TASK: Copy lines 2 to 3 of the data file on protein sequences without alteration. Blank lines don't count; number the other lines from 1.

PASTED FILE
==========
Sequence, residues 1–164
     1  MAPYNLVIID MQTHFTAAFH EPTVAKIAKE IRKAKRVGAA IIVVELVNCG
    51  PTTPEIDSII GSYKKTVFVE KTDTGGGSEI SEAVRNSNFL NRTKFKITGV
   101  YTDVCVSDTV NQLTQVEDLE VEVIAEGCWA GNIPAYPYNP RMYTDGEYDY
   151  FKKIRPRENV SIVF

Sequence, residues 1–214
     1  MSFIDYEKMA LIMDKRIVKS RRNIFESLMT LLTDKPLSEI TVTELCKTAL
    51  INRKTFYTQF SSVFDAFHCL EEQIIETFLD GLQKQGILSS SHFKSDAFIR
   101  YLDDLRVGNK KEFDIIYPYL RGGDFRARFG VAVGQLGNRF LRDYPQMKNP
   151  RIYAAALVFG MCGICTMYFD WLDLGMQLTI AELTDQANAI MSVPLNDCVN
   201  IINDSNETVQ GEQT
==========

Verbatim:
     1  MAPYNLVIID MQTHFTAAFH EPTVAKIAKE IRKAKRVGAA IIVVELVNCG
    51  PTTPEIDSII GSYKKTVFVE KTDTGGGSEI SEAVRNSNFL NRTKFKITGV